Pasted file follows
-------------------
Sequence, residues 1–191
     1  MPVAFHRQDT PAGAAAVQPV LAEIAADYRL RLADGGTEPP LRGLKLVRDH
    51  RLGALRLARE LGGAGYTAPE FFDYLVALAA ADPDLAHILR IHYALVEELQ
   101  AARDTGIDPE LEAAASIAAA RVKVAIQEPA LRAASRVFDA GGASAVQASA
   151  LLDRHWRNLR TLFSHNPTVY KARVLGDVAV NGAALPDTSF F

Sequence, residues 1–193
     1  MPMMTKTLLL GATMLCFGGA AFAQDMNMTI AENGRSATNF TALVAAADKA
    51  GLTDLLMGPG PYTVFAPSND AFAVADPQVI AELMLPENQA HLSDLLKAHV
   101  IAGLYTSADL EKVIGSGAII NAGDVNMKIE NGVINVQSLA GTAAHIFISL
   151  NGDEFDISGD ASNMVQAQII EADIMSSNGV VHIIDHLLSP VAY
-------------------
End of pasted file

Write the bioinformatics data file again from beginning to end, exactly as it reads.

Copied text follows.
Sequence, residues 1–191
     1  MPVAFHRQDT PAGAAAVQPV LAEIAADYRL RLADGGTEPP LRGLKLVRDH
    51  RLGALRLARE LGGAGYTAPE FFDYLVALAA ADPDLAHILR IHYALVEELQ
   101  AARDTGIDPE LEAAASIAAA RVKVAIQEPA LRAASRVFDA GGASAVQASA
   151  LLDRHWRNLR TLFSHNPTVY KARVLGDVAV NGAALPDTSF F

Sequence, residues 1–193
     1  MPMMTKTLLL GATMLCFGGA AFAQDMNMTI AENGRSATNF TALVAAADKA
    51  GLTDLLMGPG PYTVFAPSND AFAVADPQVI AELMLPENQA HLSDLLKAHV
   101  IAGLYTSADL EKVIGSGAII NAGDVNMKIE NGVINVQSLA GTAAHIFISL
   151  NGDEFDISGD ASNMVQAQII EADIMSSNGV VHIIDHLLSP VAY